Take the 2017 offseason, as a recent example: not only did New England trade first and third-round draft selections to the New Orleans Saints to bring in Brandin Cooks and a fourth-rounder, the team also signed cornerback Stephon Gilmore to a five-year, $65.0 million free agency deal one day earlier. The two acquisitions were rather surprising at the time as they were noticeable investments by a team more known for its restraint when it comes to talent from the outside.
With those moves in mind, the Patriots going after Beckham Jr. would not be entirely out of character for them: if they value a talented player at a certain level and he becomes available at no higher price, New England is not afraid of making a move. And with the team having plenty of capital available — it is projected to own 12 draft picks this year, with six of them in the top 100 — seeing them come close the Giants’ demands is not entirely unrealistic.
The biggest question mark when it comes to the Patriots potentially trading for Odell Beckham Jr. is the Giants. Would the team really be willing to part ways with its most talented offensive player? Would it set the price at the two first-round draft selections reported last offseason? And how flexible would it be to alter said price, for example to take a player instead of a first-rounder? Those three questions will likely determine the outcome of trade talks between the two clubs should they ever occur.
Another factor to keep in mind beyond that is New England’s own salary cap situation: the team currently has “only” $17.91 million available. With star defensive edge Trey Flowers and left tackle Trent Brown both headed towards unrestricted free agency, the club would have to create considerable more space in order to keep at least one of their two priority free agents plus acquire a wide receiver with a 2019 cap hit of $17.0 million.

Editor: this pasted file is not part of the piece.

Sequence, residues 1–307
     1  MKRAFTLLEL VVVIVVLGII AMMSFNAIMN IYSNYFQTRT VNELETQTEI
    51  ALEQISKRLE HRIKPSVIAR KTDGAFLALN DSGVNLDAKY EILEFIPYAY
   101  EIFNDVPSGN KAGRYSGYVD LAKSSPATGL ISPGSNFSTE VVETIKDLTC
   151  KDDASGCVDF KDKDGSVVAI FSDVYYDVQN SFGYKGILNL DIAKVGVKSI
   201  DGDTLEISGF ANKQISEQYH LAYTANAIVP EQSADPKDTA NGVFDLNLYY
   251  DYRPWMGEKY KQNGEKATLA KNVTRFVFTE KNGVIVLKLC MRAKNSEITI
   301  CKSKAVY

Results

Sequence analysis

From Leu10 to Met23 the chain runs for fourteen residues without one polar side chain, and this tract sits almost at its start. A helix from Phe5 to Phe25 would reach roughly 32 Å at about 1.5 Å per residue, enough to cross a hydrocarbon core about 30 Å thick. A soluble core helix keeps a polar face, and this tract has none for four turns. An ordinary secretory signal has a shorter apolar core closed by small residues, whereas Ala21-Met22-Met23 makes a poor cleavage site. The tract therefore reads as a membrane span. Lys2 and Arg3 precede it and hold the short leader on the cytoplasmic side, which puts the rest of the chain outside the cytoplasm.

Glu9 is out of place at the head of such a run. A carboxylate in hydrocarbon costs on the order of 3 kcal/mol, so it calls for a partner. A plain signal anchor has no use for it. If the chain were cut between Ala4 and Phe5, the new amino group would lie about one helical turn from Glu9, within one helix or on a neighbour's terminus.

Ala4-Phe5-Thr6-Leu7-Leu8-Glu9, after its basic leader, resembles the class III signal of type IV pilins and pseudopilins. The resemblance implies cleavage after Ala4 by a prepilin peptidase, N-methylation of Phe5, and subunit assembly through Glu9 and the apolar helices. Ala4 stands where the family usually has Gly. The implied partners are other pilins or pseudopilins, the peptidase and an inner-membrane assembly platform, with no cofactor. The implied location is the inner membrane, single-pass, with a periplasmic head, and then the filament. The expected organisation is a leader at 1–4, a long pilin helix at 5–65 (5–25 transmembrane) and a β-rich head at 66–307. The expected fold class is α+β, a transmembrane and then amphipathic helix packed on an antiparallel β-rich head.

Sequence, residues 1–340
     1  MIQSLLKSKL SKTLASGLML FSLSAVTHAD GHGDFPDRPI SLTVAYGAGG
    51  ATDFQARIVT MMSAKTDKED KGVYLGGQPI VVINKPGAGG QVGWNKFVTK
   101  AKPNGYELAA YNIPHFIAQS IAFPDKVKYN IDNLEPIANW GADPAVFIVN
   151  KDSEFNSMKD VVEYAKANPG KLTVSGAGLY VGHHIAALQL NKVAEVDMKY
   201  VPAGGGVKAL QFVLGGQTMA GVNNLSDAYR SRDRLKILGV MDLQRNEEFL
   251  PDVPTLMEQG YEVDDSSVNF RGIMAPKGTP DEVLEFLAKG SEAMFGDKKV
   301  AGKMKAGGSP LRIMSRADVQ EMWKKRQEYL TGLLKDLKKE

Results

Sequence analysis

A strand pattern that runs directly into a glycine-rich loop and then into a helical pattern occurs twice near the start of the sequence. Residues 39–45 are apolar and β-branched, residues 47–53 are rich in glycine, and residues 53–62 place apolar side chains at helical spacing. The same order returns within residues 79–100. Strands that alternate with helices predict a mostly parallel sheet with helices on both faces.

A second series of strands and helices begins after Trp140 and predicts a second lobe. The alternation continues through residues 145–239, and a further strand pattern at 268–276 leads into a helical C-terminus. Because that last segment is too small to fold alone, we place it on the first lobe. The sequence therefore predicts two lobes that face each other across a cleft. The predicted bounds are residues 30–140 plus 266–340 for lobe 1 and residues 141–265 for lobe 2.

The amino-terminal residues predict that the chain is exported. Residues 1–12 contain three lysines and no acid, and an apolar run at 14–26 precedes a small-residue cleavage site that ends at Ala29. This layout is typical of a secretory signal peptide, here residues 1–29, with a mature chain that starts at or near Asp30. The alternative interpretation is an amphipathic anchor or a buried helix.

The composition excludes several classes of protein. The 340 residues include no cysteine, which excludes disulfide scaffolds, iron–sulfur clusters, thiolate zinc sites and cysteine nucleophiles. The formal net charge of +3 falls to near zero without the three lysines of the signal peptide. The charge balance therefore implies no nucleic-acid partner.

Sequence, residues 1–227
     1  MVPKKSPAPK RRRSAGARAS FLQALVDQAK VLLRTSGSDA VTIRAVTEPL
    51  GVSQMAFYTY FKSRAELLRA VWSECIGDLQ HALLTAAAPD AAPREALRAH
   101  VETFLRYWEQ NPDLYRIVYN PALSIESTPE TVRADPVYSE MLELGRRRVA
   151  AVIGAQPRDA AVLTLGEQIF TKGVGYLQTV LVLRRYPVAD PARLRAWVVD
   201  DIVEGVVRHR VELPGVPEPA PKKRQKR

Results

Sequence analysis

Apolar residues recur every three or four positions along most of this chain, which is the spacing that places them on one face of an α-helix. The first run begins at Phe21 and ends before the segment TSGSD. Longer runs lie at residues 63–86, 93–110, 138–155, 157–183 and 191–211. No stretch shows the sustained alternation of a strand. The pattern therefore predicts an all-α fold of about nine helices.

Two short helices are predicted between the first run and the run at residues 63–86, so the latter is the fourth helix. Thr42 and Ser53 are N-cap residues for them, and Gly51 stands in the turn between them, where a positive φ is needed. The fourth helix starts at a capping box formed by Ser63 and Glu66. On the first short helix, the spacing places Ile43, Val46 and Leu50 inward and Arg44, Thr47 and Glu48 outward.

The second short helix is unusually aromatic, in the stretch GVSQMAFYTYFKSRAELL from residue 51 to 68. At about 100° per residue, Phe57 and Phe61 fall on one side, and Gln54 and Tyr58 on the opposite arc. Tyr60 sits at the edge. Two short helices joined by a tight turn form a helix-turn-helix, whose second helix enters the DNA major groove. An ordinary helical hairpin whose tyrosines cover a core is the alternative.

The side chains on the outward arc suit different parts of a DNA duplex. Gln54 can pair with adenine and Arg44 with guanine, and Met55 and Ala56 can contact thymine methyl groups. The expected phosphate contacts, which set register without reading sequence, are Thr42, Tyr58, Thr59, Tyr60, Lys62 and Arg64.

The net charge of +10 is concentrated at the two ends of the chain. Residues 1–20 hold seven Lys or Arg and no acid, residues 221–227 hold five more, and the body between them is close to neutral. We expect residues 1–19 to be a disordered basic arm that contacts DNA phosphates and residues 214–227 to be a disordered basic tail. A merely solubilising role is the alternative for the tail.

At that point, other questions would enter the equation. Would Beckham Jr. be worth what the Giants want for him? Would having him on the team be significantly better than having some rotational level players like, for instance, Dwayne Allen and Adrian Clayborn (two players who would save a combined $11.2 million if cut)? Would New England even be willing to part ways with one let alone two first-round picks if it comes to that?
Given his comparatively team-friendly deal, tremendous scheme fit and the Patriots’ history of acquiring high-end talent, “yes” is not that unrealistic of an answer to all three of the questions. And while we are at it, the one raised around 2,000 words ago therefore also can be answered: the Patriots trading for Odell Beckham Jr. is a realistic scenario all aspects considered. Whether this actually means it will happen is anyone’s guess, though.